When helical scan video recorders became the standard it was no longer possible to physically cut the tape. At this point video editing became a process of using two video tape machines, playing back the source tape (or raw footage ) from one machine and copying just the portions desired on to a second tape (the edit master ).
The bulk of linear editing is done simply, with two machines and a device to control them. Many video tape machines are capable of controlling a second machine, eliminating the need for an external editing control device.
This process is 'linear', rather than non-linear editing, as the nature of the tape-to-tape copying requires that all shots be laid out in the final edited order. Once a shot is on tape, nothing can be placed ahead of it without overwriting whatever is there already. If absolutely necessary material can be inserted by copying the edited content onto another tape, however as each copy introduced generation-produced image degradation this is not desirable.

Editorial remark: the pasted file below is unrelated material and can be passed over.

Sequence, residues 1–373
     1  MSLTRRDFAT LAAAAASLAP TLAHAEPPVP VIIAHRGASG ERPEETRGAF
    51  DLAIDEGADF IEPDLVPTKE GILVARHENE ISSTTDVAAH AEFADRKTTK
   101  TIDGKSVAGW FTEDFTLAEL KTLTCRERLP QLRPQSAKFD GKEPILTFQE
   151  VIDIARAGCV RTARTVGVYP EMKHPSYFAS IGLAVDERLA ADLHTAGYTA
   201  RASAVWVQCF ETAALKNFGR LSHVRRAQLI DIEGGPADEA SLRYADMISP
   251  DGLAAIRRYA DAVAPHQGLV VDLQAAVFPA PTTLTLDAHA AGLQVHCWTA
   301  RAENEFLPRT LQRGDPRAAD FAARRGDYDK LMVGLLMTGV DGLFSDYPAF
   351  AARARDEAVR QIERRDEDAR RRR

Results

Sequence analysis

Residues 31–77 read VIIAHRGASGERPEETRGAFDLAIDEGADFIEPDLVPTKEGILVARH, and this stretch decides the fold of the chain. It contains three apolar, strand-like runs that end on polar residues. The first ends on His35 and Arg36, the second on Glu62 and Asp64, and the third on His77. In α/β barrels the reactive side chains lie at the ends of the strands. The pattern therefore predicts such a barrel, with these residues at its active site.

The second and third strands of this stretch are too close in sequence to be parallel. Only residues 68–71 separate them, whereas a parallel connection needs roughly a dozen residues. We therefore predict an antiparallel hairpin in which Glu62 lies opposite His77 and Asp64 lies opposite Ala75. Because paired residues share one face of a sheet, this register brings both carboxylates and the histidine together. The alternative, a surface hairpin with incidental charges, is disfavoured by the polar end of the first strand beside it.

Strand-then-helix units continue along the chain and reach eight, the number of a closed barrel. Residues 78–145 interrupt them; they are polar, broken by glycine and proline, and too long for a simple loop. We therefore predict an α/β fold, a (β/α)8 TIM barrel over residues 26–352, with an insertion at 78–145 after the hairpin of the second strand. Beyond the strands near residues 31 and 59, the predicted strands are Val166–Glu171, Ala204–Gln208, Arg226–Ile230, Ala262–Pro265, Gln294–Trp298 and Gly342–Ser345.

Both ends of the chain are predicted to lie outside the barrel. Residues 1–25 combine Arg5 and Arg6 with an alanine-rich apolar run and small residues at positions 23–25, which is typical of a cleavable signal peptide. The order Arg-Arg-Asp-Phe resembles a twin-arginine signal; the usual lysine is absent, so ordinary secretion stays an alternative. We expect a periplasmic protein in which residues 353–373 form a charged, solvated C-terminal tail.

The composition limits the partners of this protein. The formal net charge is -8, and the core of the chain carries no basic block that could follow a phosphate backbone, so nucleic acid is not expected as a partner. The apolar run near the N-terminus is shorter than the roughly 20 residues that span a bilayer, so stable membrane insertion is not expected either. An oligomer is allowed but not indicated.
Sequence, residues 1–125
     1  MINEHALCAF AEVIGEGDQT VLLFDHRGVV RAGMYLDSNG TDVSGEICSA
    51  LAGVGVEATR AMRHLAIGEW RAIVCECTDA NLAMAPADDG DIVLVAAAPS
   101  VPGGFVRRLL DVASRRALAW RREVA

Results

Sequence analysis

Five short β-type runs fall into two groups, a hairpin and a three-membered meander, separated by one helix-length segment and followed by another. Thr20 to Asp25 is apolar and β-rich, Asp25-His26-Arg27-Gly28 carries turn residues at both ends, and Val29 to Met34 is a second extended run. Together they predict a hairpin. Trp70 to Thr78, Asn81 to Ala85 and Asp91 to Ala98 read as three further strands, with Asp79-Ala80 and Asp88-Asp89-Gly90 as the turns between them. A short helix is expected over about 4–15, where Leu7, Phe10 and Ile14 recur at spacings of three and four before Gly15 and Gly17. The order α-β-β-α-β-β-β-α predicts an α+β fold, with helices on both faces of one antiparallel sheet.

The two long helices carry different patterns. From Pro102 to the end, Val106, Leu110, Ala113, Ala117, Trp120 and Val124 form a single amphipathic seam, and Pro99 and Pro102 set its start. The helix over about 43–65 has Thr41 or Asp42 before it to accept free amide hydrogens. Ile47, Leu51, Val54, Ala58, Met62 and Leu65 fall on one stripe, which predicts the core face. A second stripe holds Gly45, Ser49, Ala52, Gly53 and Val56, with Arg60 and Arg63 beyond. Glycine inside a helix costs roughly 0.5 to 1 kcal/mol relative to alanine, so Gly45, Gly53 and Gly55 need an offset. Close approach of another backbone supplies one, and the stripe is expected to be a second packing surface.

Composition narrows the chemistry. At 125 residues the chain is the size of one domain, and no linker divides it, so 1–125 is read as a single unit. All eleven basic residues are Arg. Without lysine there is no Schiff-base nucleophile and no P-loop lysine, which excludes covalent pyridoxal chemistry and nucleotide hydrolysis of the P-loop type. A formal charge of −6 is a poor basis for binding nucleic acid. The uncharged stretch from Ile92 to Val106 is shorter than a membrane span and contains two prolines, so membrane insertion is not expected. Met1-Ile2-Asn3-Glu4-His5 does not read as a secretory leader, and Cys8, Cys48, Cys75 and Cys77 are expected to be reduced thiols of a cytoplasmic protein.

One drawback of early video editing technique was that it was impractical to produce a rough cut for presentation to an executive producer. Since executive producers are never familiar enough with the material to be able to visualise the finished product from inspection of a decision list, they were deprived of the opportunity to voice their opinions at a time when those opinions could be easily acted upon. Thus, particularly in documentary television, video was resisted for quite a long time.